Please expend your energy and release your feeling of helplessness in the face of this irreversible tragedy by doing something positive. Please hug your children more or stop smoking, give your beer money this month to UNICEF, or rake an elderly neighbor’s leaves. Just do something in a spirit of love for little Russell’s memory instead of letting his death be the cause of vindictiveness. If you need inspiration to help you change your attitudes, look to Christ’s teachings or the Baha’i writings.

My little boy was so full of light and love. Help me to spread the joy of his life to light up the world a little bit. Let me know what you are doing. Seriously, it will give me strength to go on.

We can forgive, because we do not do it alone. The strength of God awaits our little willingness to let Him help us. Let us together forgive by allowing the Holy Spirit to enter any confusing or distressing issue, and begin the process of seeing the world differently. Let the miraculous transformation of the mother in the above story, the example of the life of Jesus, and the many seemingly small awarenesses (miracles) I know you have experienced, be the igniting spark to let forgiveness find a home in your heart.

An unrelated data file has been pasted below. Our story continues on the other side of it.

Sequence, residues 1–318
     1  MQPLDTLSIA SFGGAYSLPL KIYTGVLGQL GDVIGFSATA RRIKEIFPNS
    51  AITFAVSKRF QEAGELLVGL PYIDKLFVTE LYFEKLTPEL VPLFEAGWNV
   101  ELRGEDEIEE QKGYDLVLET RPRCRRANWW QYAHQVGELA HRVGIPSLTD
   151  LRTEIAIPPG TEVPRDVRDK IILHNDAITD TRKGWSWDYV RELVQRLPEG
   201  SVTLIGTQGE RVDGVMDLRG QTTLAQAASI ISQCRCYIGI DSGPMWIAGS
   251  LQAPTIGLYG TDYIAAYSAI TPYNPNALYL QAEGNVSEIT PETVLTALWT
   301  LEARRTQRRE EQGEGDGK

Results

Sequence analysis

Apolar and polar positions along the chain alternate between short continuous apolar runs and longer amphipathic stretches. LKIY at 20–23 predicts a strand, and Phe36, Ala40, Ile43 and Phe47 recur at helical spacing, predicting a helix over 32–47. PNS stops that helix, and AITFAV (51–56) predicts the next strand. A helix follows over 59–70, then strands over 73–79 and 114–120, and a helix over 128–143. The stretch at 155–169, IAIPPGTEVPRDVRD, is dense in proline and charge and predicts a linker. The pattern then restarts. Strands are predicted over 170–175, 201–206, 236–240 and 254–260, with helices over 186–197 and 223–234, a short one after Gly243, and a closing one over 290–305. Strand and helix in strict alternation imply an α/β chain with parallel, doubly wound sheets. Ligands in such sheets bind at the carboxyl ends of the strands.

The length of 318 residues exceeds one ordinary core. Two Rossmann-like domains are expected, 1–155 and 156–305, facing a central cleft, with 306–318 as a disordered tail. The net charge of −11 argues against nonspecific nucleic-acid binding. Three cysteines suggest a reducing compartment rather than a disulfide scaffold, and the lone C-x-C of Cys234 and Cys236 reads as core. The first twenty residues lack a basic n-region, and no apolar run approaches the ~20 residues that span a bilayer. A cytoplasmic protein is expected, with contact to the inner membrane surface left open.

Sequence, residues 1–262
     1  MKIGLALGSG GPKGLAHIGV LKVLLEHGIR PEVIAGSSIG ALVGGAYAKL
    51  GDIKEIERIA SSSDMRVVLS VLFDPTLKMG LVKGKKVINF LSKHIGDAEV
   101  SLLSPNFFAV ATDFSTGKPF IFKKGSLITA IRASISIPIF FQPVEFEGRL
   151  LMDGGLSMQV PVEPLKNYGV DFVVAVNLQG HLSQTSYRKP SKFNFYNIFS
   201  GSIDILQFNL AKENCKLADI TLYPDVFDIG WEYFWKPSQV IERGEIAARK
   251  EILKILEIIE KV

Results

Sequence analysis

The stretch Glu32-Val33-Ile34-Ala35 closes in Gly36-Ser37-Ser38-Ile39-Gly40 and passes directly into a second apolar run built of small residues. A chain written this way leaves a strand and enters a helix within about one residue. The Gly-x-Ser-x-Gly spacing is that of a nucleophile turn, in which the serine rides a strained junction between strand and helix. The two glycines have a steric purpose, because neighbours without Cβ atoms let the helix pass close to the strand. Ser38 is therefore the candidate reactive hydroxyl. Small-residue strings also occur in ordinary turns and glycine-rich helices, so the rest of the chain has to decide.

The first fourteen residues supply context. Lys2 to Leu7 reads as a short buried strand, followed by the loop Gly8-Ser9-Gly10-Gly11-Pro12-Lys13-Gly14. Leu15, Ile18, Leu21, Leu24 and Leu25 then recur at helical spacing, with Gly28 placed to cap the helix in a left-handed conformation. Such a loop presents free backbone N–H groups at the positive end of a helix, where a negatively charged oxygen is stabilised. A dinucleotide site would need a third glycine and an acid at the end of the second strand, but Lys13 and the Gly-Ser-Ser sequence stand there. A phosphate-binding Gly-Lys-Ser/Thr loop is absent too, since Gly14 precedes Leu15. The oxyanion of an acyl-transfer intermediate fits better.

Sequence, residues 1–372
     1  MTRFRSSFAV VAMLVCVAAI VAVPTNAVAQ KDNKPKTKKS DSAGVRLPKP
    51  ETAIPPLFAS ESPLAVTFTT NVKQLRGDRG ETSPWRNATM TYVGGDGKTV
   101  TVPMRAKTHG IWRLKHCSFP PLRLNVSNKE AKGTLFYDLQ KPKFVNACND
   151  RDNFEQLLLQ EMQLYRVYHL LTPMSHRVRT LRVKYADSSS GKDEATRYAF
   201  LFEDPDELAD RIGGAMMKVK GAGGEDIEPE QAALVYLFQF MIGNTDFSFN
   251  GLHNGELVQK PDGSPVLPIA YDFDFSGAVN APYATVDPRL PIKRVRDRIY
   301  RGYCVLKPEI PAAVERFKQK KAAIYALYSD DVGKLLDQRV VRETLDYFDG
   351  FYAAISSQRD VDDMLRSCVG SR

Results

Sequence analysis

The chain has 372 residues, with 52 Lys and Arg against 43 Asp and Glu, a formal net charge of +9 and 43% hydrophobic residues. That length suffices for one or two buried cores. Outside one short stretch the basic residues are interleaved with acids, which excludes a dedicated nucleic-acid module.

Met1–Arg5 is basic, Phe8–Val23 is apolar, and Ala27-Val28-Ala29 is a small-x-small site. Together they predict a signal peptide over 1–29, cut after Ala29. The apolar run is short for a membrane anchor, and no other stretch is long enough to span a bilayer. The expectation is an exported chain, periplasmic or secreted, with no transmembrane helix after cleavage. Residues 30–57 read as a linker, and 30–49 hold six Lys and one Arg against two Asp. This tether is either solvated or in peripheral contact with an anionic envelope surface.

Whether or not we feel we “deserve” the things that happen to us in this world, we all are entitled to the peace of God. Forgiveness is the means by which we escape the pain, suffering, and random happiness of the world, and find the eternal peace and consistent happiness God has promised us. Is there really any anger or seeming “rightness” worth the peace of God?

Let us affirm: “I will forgive and see this differently.”

When anger begins to find a home in your heart, say: “I will forgive and see this differently.”

When feelings of injustice cause you to question the value of God’s children, say: “I will forgive and see this differently.”

When you begin to value the projection of attack over the extension of mercy, say: “I will forgive and see this differently.”

The words are not magical. What they do is allow you to stop the frenzy of your mind for just a moment, cause you to question the value of maintaining anger and separation, and allow the presence of God to return to your awareness to help you even when you may see no hope.

The goal is not to change the world and the circumstances we find ourselves in, it is about being willing to change our minds and allow God to show us a peace that passes all worldly understanding. This awareness will bring us the kingdom of Heaven here and now, and that IS what you truly deserve.